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4 Things to Check Before Starting a Cycling Season

ByDave Stopher

Jan 9, 2020 #Bikes, #Sports

Depending on your enthusiasm, everyone starts off their cycling season differently. While I’m sure we all know a guy or girl who wakes up and jumps into his cycling shorts, there are those who are in a constant mental battle between snoozing and getting up.  Either way, after a long break, you have to be sure your bike is in tip-top condition.

This article covers 5 important components you must inspect before you officiate your cycling season. It’s important that your bike is always well maintained to avoid injury and high repair costs. Shimano is a popular brand for bike replacement components.

Brake Pads

This seems like common sense, but many amateurs head off after just a quick squeeze of the tires for air pressure. You wouldn’t want your brakes to fail or not work properly when you need it to. Over time, your brake pads will wear out from the constant friction against your wheels. Brake pads have wear indicators such as grooves or lines. If you don’t see any, it probably means you’ll need to replace them. You can save a lot of money by doing this on your own.

Image from Bikeparts.co.uk


If you notice a chain skip, or when your chain slips when you pedal under pressure, try asking yourself the last time you replaced your chain. The individual links of a chain are held up by pins and rollers that will wear over time, causing each link to “grow”. Mechanics suggest replacing your chain every 2000 miles is ideal, depending on your riding style.

Image by sutulo via Pixabay

If it rained during your cycle, the lubricant has most likely been washed away, leaving the chain susceptible to rust. A rusty chain makes gear shifting harder and damages your drivetrain in the long run. It’s better to get a new chain for $20 than a drivetrain for up to $400. You should lubricate your chains at least once a month if you cycle several times a week. However, you shouldn’t overlubricate your chains because it can become a magnet for dirt and grime.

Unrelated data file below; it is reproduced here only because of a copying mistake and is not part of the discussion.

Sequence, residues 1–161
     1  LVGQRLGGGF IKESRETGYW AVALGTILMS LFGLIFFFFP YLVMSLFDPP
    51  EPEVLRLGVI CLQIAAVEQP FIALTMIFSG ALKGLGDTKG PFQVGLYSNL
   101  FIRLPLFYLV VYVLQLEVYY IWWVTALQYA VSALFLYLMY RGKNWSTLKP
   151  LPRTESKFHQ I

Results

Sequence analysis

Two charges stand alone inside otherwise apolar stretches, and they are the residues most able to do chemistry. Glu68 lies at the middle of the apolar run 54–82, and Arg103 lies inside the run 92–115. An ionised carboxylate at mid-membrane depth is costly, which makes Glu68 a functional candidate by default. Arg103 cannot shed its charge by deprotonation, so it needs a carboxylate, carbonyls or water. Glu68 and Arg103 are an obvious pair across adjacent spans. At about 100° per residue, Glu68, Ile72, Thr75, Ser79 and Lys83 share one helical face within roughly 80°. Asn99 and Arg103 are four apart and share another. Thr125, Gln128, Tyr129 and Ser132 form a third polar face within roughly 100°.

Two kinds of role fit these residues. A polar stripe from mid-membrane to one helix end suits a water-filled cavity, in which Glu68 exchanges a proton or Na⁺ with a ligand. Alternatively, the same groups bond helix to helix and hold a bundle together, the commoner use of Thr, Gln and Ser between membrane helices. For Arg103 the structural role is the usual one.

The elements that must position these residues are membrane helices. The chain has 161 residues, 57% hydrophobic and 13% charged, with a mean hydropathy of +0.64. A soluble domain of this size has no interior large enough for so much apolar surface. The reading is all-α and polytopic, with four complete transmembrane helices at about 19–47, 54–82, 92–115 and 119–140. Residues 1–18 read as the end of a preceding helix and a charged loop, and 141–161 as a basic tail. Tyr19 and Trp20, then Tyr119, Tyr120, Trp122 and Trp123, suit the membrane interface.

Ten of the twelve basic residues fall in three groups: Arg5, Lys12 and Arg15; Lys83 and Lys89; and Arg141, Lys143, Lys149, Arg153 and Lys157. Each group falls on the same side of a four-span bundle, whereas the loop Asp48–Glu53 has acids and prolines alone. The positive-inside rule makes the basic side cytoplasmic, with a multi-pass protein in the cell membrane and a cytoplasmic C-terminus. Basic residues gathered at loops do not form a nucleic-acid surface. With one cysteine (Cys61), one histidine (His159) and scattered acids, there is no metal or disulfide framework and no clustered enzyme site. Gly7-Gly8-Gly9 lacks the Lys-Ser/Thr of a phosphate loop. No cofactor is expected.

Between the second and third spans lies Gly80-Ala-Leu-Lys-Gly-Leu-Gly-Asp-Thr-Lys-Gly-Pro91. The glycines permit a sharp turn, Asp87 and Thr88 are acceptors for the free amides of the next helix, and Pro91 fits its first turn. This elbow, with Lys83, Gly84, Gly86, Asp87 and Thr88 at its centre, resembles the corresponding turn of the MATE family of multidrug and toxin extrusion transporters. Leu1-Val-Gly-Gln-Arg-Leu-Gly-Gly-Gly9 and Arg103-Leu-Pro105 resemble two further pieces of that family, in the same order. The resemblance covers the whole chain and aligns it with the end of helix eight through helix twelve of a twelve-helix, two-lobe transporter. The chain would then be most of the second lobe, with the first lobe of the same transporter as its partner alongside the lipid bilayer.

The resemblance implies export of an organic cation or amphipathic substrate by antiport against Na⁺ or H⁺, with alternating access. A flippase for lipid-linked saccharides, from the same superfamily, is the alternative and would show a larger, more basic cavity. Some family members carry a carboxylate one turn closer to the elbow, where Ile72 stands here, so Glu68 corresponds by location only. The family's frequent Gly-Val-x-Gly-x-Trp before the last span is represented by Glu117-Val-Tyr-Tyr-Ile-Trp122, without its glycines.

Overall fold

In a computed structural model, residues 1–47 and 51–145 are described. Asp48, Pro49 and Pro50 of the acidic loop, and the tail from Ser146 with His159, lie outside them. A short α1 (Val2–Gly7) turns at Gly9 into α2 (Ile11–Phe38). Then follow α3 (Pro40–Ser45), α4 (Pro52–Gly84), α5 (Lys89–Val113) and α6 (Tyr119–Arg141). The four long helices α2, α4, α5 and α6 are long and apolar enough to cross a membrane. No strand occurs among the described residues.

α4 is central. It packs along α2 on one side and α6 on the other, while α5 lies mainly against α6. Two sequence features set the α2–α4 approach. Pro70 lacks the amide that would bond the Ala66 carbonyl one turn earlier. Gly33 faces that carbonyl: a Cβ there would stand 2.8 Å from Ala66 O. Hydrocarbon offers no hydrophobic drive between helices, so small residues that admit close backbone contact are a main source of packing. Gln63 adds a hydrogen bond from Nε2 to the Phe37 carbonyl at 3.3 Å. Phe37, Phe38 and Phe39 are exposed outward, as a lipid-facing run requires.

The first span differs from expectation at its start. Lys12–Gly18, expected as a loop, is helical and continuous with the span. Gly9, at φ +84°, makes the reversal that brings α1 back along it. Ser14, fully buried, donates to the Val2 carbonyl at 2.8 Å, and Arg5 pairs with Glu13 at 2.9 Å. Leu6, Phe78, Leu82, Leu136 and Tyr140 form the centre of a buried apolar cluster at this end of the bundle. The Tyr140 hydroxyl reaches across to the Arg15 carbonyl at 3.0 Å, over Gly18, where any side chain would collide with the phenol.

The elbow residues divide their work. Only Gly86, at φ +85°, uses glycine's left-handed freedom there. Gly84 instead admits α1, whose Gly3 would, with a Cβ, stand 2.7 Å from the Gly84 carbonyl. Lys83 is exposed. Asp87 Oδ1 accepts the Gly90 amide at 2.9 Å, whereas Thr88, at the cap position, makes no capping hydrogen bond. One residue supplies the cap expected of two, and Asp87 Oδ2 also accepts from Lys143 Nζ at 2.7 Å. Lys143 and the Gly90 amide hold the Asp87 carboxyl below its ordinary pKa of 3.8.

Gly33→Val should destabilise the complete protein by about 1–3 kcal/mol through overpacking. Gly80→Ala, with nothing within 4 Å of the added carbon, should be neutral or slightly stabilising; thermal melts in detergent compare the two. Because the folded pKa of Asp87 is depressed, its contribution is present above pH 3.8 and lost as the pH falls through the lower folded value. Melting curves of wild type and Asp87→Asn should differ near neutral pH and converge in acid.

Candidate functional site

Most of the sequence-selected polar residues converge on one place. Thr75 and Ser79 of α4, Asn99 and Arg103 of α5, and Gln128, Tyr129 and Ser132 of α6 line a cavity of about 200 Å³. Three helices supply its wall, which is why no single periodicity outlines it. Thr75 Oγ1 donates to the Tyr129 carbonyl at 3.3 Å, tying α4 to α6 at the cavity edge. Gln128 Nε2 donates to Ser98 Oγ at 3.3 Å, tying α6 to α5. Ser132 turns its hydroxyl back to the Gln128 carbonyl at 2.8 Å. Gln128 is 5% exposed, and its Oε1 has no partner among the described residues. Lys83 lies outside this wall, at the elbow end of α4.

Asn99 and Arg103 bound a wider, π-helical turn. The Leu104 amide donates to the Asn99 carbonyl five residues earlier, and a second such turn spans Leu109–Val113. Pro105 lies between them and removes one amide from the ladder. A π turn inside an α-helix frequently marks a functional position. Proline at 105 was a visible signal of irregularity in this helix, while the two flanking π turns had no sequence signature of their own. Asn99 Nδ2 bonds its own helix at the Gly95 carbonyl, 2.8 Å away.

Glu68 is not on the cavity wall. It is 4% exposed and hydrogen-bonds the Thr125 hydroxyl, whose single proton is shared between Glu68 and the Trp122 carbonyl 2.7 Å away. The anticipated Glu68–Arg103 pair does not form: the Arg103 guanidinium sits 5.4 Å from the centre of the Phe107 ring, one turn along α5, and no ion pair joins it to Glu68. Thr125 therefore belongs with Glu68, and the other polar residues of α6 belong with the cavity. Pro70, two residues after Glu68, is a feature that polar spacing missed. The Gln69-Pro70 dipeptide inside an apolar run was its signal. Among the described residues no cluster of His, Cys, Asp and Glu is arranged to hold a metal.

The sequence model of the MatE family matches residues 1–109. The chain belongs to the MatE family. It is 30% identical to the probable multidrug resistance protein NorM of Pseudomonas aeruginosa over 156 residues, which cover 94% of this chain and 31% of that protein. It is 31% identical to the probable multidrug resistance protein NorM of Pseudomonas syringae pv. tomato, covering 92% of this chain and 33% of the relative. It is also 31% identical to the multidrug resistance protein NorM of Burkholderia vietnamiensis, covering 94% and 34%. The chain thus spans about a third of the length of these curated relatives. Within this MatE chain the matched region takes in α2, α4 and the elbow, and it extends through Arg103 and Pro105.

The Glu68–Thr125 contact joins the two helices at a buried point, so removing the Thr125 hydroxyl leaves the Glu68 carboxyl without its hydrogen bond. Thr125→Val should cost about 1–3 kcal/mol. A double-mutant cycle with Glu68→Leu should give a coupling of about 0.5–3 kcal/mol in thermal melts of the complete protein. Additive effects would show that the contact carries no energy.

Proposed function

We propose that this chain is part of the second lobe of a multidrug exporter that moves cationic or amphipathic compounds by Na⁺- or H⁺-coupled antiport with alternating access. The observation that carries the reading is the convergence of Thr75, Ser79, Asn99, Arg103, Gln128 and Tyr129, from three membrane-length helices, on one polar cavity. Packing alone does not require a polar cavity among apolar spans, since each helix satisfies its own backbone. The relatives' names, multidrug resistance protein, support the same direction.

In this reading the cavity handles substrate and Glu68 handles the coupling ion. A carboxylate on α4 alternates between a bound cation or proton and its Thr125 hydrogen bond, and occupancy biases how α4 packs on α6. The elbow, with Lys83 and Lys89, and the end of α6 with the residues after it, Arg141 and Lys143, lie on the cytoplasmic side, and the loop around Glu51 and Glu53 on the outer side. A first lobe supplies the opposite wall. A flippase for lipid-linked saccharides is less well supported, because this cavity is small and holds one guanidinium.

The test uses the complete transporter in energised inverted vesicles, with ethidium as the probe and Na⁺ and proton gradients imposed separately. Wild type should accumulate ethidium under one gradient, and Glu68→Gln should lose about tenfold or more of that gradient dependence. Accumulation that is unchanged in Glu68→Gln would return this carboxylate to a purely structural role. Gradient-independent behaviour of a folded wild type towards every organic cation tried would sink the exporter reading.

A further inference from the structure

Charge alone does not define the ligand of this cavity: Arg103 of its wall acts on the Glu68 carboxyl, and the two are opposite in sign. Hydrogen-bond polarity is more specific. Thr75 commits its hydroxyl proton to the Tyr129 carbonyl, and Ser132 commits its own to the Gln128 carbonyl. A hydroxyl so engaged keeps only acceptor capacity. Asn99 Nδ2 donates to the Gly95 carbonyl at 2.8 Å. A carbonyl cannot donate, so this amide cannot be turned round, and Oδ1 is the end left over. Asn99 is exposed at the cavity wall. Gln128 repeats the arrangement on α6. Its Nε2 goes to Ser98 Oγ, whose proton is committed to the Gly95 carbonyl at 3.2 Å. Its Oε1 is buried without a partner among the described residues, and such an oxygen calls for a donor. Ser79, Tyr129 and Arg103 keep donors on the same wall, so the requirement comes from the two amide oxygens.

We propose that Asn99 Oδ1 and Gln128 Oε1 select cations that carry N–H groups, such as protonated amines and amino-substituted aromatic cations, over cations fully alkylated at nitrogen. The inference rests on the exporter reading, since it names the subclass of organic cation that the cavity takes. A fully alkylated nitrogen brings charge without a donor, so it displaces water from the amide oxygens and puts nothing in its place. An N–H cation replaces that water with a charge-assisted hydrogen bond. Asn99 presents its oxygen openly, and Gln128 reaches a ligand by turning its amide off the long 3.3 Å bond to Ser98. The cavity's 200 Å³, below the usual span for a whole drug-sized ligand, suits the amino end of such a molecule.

The headset is an important set of components that allow free rotation of the bicycle fork through the head tube of the bicycle frame as you maneuver your way down the road. A headset that has come too loose can easily damage the internals of the headset, and if it’s too tight, you wouldn’t turn the front wheel freely.

A simple way to detect if it’s loose is by giving the front wheel a few bounces off the ground and by rocking the handlebars back and forth. If it gives off a rattling sound, chances are the headset bolt has come loose, and you can simply tighten it with a multi-purpose 4mm Allen key.

Image by Free-Photos via Pixabay


Over time, air molecules will seep out of the rubber tube in your tires. You’ll notice yourself gasping for air when cycling with soft tires, but you should really stop when the tires go flat. This can damage the rims and tires, as well pose as a safety hazard because the tires could simply slip out of the rims. Your tires will have a recommended psi on the sidewall, and your tire pressure should stay within this range.

Take-Home Message

You wouldn’t want to start off the season with faulty parts, or worse, get yourself involved in an accident that could have been avoided if you paid attention to some of these crucial aspects. It’s great to be enthusiastic, but don’t overlook the basics! A careful cyclist is a safe cyclist.


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